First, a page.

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‘Immigration deal with Democrats is near’

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WASHINGTON: President Donald Trump said on Thursday he was close to a deal with Democratic congressional leaders on protections for illegal immigrants brought to the United States as children, a development that alarmed some of his conservative supporters.


Trump, who met with the top Democrats in the Senate and House of Representatives, Chuck Schumer and Nancy Pelosi, at the White House on Wednesday evening, said any final agreement must include significant measures to protect border security.


The Republican president added that funding for his planned wall along the US-Mexican border — a centrepiece of his 2016 presidential campaign — would “come later” and would not be part of any final deal on the fate of the 800,000 so-called Dreamers. But, speaking to reporters, he said Democrats “cannot obstruct the wall.”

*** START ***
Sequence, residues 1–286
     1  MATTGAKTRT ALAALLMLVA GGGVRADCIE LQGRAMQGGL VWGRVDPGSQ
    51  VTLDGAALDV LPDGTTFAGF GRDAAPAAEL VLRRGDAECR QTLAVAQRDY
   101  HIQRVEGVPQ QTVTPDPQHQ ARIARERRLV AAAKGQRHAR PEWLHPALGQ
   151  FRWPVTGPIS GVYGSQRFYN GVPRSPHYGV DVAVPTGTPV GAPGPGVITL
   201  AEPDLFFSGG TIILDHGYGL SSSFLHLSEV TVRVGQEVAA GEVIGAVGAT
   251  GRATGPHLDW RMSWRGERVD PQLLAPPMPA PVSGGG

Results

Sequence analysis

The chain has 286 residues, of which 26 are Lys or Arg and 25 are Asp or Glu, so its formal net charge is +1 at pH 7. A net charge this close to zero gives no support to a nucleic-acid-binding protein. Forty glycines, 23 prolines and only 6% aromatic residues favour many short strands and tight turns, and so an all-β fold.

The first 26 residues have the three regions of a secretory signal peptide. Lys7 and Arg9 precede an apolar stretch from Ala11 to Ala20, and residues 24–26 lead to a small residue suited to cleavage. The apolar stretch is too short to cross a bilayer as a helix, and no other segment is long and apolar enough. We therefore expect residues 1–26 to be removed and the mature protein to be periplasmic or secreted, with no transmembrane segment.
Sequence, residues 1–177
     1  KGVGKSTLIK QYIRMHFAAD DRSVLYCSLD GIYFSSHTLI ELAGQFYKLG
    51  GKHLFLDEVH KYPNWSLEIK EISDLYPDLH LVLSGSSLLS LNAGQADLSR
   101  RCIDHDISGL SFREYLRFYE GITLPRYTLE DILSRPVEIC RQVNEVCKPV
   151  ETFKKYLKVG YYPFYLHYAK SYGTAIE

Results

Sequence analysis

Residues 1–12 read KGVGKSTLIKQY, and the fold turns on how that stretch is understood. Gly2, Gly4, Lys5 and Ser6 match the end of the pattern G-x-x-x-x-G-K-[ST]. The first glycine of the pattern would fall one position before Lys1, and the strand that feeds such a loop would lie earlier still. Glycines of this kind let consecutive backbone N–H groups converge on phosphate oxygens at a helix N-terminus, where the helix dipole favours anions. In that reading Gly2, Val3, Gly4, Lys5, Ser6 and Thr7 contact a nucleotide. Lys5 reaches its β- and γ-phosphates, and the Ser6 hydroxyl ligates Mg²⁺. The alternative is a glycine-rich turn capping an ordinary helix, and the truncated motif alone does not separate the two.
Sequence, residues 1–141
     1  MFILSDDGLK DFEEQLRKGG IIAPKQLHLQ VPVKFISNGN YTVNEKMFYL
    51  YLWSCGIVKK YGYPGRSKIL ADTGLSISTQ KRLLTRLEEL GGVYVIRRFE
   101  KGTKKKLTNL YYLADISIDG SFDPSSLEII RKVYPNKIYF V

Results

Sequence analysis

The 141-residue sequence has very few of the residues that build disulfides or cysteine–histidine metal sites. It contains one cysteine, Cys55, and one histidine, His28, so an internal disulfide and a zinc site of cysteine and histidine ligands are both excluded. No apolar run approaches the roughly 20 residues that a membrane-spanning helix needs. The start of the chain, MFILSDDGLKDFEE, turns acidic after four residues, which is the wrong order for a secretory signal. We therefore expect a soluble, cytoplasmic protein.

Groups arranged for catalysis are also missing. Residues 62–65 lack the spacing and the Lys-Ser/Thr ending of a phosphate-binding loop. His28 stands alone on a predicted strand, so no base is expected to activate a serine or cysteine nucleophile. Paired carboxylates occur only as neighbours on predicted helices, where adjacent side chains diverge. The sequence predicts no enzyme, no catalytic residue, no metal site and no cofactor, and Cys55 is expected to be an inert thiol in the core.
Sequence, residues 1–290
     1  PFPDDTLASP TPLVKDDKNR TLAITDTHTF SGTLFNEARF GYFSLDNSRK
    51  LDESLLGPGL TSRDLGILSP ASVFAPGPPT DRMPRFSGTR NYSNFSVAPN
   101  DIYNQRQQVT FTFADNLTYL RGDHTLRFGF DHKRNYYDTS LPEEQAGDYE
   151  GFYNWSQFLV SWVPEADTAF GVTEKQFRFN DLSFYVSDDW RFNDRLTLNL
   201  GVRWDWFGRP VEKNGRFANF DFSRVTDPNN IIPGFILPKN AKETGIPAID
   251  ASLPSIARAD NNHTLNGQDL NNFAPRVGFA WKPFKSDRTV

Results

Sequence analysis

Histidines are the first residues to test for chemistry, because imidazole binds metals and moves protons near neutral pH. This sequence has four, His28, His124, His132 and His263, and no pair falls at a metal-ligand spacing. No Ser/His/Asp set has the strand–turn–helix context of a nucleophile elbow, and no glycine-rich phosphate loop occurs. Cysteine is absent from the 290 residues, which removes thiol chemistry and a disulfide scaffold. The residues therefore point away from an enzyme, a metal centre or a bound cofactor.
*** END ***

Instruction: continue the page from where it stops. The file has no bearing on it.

“We have to have an understanding that whether it’s in the budget or some other vehicle in a very short period of time, the wall will be funded. Otherwise, we’re not doing anything,” Trump said as he landed in Florida to survey hurricane damage.


Schumer and Pelosi reiterated their opposition to the wall, and Democrats in the past have promised to block funding for it.


“I think we’re fairly close but we have to get massive border security,” Trump told reporters earlier in the day of a potential deal.


Trump also said Republican House Speaker Paul Ryan and Senate Majority Leader Mitch McConnell were both “on board” with the potential deal on immigration issues and that “we’re doing it in conjunction with the Republicans.” The potential agreement was the latest development in the president’s newfound willingness to work with Democrats after his fellow Republicans, who control Congress, failed to deliver legislative victories on healthcare and other matters.


Trump rescinded the Deferred Action for Childhood Arrivals (DACA) programme earlier this month but made that effective in March, giving lawmakers six months to come up with an alternative for the Dreamers. DACA, created by Trump’s Democratic predecessor Barack Obama, shields the Dreamers, mostly Hispanic young adults, from deportation and provides work permits.


Trump faced a quick backlash from his hardline conservative political base over his potential deal on DACA.


He had promised as a candidate to deport all of the estimated 11 million illegal immigrants in the United States, and said a wall would be built to stop the flow from Mexico of illegal immigrants and drugs. — Reuters


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